Wednesday, July 24, 2013

No Names Allowed

I love geocaching. 

Geocaches are simple; they are like little treasure hunts. Someone leaves a box somewhere and you have to find it by only using GPS coordinates. (You get the coordinates from geocaching.com.)

Geocaches are all different. Some are hidden in Tupperware containers, some are in army boxes, some in weather-proof bags...sometimes they have prizes.

Others are "micro-caches" and those ones are extra hard to find because they are in small capsules and with only enough room for a piece of paper.  

Tonight we decided to look for a cache in our little town of Hillsborough, North Carolina. This one was a micro-cache and the only thing we knew about it was that it was in the old slave cemetery on Margaret Lane. 

Hillsborough's history dates back to revolutionary days, and hundreds of African American slaves were buried here over the years in unmarked graves. 

It is a sad and solemn place. 

We finally found the cache. Usually there is a paper enclosed where you write your name and the date that you found the cache. After the cache has been "alive" for a few years it turns into a pretty long list of treasure-hunters. 

But the instructions in this cache were different. It told us that to honor the many unknown people who were buried here we were to not sign our own names.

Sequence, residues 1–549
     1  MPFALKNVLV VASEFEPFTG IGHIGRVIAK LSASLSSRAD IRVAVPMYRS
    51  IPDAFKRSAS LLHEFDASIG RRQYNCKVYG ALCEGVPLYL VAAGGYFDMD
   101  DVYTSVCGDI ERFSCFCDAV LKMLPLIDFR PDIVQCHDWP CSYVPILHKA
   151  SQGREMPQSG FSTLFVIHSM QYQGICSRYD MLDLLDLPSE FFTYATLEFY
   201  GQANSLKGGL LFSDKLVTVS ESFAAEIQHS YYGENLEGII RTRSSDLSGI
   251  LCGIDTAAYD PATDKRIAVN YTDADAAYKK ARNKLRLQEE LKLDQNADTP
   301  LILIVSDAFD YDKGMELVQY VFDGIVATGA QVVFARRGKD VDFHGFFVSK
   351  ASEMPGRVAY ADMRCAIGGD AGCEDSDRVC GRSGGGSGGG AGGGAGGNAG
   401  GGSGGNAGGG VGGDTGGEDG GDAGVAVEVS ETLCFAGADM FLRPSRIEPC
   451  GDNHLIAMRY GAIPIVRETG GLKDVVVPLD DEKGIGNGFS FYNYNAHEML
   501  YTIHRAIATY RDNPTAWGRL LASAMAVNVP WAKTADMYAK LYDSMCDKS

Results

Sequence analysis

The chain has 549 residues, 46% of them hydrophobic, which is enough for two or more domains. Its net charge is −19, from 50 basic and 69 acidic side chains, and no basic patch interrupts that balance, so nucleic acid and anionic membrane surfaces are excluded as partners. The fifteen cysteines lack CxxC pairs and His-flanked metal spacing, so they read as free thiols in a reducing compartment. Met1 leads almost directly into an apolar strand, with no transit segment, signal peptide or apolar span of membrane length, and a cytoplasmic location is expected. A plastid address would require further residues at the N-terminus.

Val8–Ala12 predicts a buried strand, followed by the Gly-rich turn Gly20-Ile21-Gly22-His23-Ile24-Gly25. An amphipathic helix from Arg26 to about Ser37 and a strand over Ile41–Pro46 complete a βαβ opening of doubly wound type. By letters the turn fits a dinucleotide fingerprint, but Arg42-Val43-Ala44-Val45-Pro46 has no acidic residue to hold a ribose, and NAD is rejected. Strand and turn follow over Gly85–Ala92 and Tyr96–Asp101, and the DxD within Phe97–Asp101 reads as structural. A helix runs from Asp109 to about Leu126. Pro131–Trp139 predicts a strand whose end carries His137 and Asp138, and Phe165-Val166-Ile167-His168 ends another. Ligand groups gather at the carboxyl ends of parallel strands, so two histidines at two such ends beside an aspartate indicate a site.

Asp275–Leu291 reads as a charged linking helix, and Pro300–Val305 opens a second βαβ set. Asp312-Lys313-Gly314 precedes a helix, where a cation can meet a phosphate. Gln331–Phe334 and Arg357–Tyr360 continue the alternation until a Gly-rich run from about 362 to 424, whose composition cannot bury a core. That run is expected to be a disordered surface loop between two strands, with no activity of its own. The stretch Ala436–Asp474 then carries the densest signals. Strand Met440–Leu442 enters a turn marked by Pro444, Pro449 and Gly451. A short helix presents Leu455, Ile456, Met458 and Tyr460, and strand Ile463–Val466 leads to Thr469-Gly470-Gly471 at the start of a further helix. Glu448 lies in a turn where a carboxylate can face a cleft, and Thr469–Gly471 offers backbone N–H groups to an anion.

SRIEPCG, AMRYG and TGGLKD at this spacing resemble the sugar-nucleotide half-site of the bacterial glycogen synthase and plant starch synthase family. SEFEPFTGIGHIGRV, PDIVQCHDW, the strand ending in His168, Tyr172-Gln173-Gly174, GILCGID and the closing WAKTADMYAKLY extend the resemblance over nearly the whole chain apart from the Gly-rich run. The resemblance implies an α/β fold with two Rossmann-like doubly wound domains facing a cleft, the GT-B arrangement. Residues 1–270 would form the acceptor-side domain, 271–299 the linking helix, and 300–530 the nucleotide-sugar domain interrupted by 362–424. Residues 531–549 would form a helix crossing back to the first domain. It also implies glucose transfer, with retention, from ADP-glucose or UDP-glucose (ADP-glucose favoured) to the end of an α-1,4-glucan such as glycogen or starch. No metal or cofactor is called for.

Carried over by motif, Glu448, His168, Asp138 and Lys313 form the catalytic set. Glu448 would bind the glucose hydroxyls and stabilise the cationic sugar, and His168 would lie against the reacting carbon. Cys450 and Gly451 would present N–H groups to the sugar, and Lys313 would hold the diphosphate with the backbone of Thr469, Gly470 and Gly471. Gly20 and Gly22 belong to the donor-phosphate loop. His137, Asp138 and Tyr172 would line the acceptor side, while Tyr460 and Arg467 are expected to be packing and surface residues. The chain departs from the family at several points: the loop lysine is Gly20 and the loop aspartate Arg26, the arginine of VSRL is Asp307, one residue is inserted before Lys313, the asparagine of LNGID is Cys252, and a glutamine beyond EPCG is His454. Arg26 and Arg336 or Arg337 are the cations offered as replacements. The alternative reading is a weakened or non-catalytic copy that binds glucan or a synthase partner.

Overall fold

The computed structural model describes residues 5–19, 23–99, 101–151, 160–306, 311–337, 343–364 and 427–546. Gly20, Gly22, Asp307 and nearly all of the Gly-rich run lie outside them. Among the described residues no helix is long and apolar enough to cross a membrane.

So we didn't.

There was also this quote by Ralph Ellison:

“I am not ashamed of my grandparents for having been slaves. I am only ashamed of myself for having at one time been ashamed. America is woven of many strands. I would recognise them and let it so remain. Our fate is to become one, and yet many.”


This place is a good place to contemplate the idea of "getting credit" for things. Everyone wants to be remembered.We want to get credit for what we do. We want thanks. We want what we've done to be noticed or recognized. We want lots of comments on our blog posts...

But these people never got credit, even in death. They don't even have proof that they existed. In the records of history their names are as permanent as melted snowflakes. 

Of course, by writing this blog I am cheating on the whole "no names allowed" rule because I am telling you all that we did this. I even had Scott take a photo of us. 
Can you guess which child and I are currently at odds with each other?
But you are reading this. And because you are reading this there might be another person on earth who will go to the cemetery and think about them. 

It was a good evening.

An evening worth remembering.

3 comments:

  1. Geocaching sounds like a lot of fun. And I am so one of those people who wants credit for everything. I need to learn to be more humble.

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  2. How incredibly sad, appropriate, and instructive. I have never commented anonymously on a blog post before, but, in keeping with the post and the message and remembering, I will this time.

    For me, it is not so much about getting credit, it is simply acknowledging that I was here, they were here. You went on an geocaching adventure, but your geocaching "posterity" who come after you will never know you were there. These slaves were here and had thoughts and emotions and hopes and relationships that were meaningful to them. But, even a simple record written on gravestones is not there to bear witness to that. It breaks my heart.

    It breaks my heart, but I am glad you shared this experience.

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  3. Lovely post, and I think we'll have to find that geocache--and spend awhile. :)

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